On my walk this morning I found a lovely surprise. I was walking along slowly, much to the disgust of my puppy; Henry, when I saw a small brown lump at the edge of the path. This brown lump was a pisolithus arrhizus otherwise known as a Dead Man’s foot. This unassuming little sphere gives lovely rich browns and russet tones to wool in the dye pot… apparently. I picked it up and put it in my pocket. Of course I forgot to get a photo of it before bringing it home.
The brownish ball at the front of the photo is my Dead Man’s Foot fungus (such a charming name). The avocado skins and seeds are drying for future use as dye stuff.
I cut my prize in half and put a pot of water on to boil straight away. The two halves of the mushroom were just thrown in and plonked on the wood stove to boil.
You can see the immature spores at the top, they look like little golden spheres. The brownish powder is the mature spores.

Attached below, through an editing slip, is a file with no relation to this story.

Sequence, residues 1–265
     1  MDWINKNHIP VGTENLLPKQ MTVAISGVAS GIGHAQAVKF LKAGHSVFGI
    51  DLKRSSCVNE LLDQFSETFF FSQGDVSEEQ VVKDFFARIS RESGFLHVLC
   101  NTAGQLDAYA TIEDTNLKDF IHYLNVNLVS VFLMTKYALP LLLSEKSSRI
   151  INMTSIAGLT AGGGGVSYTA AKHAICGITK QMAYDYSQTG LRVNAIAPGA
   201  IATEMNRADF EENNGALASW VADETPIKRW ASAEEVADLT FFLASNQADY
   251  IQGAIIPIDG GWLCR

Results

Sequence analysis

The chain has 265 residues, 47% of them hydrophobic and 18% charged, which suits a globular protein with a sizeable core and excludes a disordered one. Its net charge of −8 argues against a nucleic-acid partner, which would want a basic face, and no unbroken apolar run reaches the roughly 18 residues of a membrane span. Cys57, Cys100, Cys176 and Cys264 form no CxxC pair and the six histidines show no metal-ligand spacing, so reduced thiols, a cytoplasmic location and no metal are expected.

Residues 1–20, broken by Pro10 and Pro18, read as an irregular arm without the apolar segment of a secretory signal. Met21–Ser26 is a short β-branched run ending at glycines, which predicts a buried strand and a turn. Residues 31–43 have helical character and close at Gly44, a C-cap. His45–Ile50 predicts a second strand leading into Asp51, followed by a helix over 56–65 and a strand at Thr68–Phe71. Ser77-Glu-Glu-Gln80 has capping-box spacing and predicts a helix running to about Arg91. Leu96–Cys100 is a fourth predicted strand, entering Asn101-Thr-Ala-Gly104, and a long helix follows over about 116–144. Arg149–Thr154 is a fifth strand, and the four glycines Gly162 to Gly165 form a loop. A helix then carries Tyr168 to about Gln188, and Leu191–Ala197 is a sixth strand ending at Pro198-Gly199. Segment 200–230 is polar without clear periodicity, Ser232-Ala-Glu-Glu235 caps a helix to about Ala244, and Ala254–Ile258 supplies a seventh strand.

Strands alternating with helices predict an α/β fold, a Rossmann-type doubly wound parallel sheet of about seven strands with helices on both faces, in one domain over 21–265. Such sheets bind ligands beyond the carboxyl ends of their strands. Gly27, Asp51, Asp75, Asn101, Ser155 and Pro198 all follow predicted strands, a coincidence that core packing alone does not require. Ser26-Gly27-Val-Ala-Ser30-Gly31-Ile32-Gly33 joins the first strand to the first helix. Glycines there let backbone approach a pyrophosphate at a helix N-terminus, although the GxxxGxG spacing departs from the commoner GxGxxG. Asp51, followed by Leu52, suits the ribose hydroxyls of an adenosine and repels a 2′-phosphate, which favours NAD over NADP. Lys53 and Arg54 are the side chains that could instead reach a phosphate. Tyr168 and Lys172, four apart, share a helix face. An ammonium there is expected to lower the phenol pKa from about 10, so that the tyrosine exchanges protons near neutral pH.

After about an hour of boiling, The pot had a lovely deep brown colour. Most fungas dyes are substantive (meaning they don’t need a mordant to stick to wool), so I just wet my last skein of home spun wool yarn and popped it into the dye pot (in a paint bag to protect it from dyestuff).
The yarn was in the dye bath on the stove (at a steady simmer) for two hours. Then I let it cool, before taking the yarn out of the pot.
The colour wasn’t as dark as I wanted, so I popped it back in, along with an avocado seed as a mordant (avocado seeds contain tannin, which acts to mordant and slightly darken wool).
After another two hours simmering, it was taken off the heat and left to cool. Eventually, I washed the yarn in clean water and spun it out. The final colour is glorious! Variable browns and russets and a sneaky flash of yellow.
I love the colours in tis yarn. The yarn is a loosely plyed two ply from some merino fleece I was given long ago. From now on I will be searching the ground for these fungus as I walk, they are apparently fairly common in the Autumn and Winter.
Update: I found another one this morning!
This one is huge. You can also see the remains of the first one, I fished it out and plan on saving it to use again.
This is where I found the first one; growing out of the hard soil of the track.
I found the second one here in the soil at the edge of the road. The puppy is Henry, our newest baby. Look for an origin story soon.